Cardiac CT’s ability to depict fine structural detail within the heart enables it to characterize the morphologic features of cardiomyopathies such as wall thickness, left ventricular mass, mass distribution, and chamber dimensions.
CCT’s inability of to provide functional data beyond ejection fraction limits the functional characterization of cardiomyopathies, which would need to include characterization of atrioventricular valve insufficiency, pulmonary pressures, and outflow obstruction.
CCT can contribute to the evaluation of undifferentiated dilated cardiomyopathy by identification or exclusion of underlying coronary artery disease.
CCT, unlike CMR, is able to image hearts with pacemakers and implantable cardioverter defibrillators.
Recent technical advances in cardiac CT (CCT) have been driven largely by the requirements for accurate noninvasive coronary angiography. As a consequence of improved image quality and temporal resolution, attention has also turned to the broader application of cardiac CT assessment to other disease entities. The role of CT in the assessment of cardiomyopathy has, to date, been largely restricted to the measurement of left ventricle (LV) size and function. Other modalities such as echocardiography, cardiac MR (CMR), and nuclear techniques usually are favored for work-up of these patients, with additional information often obtainable with regard to concurrent disturbances such as mitral insufficiency, pulmonary hypertension, and left ventricular outflow tract obstruction. However, disease-specific morphologic features and the potential for CT-derived tissue characterization are increasing opportunities for the assessment of nonischemic myocardial disease by this rapidly evolving modality.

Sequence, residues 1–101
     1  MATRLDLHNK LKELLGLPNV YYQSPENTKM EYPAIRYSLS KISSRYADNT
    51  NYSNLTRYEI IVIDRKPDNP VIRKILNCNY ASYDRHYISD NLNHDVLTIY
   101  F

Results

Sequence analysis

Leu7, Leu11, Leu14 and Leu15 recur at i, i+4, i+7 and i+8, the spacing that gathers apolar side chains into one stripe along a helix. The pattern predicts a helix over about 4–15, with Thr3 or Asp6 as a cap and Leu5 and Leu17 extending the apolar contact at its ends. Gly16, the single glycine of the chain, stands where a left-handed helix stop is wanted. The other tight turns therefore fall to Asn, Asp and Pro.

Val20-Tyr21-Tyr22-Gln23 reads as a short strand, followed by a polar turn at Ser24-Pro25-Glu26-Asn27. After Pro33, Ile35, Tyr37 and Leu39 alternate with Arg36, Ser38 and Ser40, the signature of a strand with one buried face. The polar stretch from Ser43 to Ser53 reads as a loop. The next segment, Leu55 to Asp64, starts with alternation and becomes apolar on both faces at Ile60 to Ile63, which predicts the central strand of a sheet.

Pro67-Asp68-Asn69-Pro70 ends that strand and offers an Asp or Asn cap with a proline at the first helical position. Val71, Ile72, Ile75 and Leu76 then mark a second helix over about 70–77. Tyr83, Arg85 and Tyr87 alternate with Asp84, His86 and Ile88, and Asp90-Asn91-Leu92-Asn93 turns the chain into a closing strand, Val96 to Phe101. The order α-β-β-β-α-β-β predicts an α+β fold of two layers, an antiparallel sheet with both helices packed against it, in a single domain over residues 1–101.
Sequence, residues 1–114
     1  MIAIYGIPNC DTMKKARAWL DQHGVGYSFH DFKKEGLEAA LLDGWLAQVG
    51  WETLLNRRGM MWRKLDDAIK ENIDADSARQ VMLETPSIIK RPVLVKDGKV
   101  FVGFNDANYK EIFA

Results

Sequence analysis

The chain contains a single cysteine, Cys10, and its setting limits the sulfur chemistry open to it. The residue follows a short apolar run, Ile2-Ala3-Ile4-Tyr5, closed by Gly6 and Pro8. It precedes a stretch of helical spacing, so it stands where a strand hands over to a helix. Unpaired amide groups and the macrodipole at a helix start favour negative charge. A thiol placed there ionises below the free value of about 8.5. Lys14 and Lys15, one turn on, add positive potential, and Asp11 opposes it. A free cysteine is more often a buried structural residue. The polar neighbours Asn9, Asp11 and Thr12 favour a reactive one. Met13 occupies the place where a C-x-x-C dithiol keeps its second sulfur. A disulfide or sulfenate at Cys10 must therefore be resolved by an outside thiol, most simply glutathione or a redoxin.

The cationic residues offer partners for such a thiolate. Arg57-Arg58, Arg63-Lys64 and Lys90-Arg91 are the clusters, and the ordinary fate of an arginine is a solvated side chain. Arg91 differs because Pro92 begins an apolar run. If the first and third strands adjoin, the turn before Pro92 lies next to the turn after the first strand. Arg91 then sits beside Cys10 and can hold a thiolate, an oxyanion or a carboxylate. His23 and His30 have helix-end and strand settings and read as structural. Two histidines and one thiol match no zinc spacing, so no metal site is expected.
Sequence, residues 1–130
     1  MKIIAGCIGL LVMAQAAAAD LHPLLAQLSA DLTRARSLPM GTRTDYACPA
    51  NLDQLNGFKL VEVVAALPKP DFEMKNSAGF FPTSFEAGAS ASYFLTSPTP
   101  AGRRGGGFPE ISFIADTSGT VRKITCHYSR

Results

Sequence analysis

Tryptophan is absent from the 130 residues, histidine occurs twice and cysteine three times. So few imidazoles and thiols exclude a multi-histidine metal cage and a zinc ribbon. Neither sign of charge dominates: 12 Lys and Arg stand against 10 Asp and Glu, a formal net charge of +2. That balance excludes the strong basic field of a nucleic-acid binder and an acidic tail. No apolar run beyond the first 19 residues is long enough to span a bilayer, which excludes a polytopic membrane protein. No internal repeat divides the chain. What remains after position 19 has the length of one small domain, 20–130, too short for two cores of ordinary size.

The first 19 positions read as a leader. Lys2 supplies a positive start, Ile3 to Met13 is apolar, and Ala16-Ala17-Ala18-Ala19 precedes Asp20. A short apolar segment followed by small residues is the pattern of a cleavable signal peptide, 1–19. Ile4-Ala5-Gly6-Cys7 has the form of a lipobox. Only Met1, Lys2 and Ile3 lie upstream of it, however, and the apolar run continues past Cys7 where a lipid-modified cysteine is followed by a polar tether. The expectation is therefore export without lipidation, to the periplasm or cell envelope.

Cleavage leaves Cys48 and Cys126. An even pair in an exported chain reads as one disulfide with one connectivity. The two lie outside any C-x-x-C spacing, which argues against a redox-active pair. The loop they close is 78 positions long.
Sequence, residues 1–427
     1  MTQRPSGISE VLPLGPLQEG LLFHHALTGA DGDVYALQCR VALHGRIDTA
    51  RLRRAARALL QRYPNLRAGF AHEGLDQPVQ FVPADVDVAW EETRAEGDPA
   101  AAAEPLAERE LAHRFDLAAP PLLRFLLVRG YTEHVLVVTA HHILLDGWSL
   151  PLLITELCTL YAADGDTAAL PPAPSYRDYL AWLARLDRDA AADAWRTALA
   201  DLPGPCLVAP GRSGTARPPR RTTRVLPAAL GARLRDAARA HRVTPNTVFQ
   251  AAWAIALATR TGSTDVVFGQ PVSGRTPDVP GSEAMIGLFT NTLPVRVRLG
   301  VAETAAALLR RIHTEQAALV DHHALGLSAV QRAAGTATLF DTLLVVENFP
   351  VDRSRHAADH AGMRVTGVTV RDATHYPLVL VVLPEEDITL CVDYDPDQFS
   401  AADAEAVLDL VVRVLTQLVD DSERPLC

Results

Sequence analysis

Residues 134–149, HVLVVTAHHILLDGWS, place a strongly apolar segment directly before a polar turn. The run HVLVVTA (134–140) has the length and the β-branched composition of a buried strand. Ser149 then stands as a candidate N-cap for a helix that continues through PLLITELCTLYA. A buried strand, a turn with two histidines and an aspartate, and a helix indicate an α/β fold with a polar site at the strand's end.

Limitations of noncoronary CCT at this stage include challenges in temporal resolution for functional assessment and the significant radiation exposure often incurred with the use of retrospective reconstruction techniques. Subsequently, comparatively little has been published on the assessment of cardiomyopathies by CCT. Dose modulation can play a role in radiation reduction. For morphology and tissue characterization purposes, prospective ECG-gating, multisegment acquisition/reconstruction, and wide-range detector systems allow dynamic volume assessment with significantly reduced radiation exposures. Furthermore, the development of dual-source/spectral energy imaging holds significant potential for the refinement of tissue characterization techniques with CT.
There is no established routine role yet for cardiac CT in the evaluation of dilated cardiomyopathies, and little role in the assessment of LV function in general, given the other means to establish it.
A potential role may arise for the negative predictive value of CCT in regard to the presence of coronary disease in cases of probable idiopathic dilated cardiomyopathy. Validation has begun in selected patients. In a single-center study, among 61 patients with dilated cardiomyopathy (DCM) and 139 patients undergoing coronary angiography, 16-slice CT yielded 99.8% negative predictive value for significant (>50%) coronary stenoses. Feasibility was 97%. The most common artifact observed in this series was a hypertrophied coronary venous system in proximity to the coronary arteries. Given the increased size of hearts with DCM and the greater spatial dispersion of the coronary tree, as well as frequent coexistence of atrial fibrillation, wide-detector CCT with the potential for single cardiac cycle acquisition may have an advantage over 64-slice CT.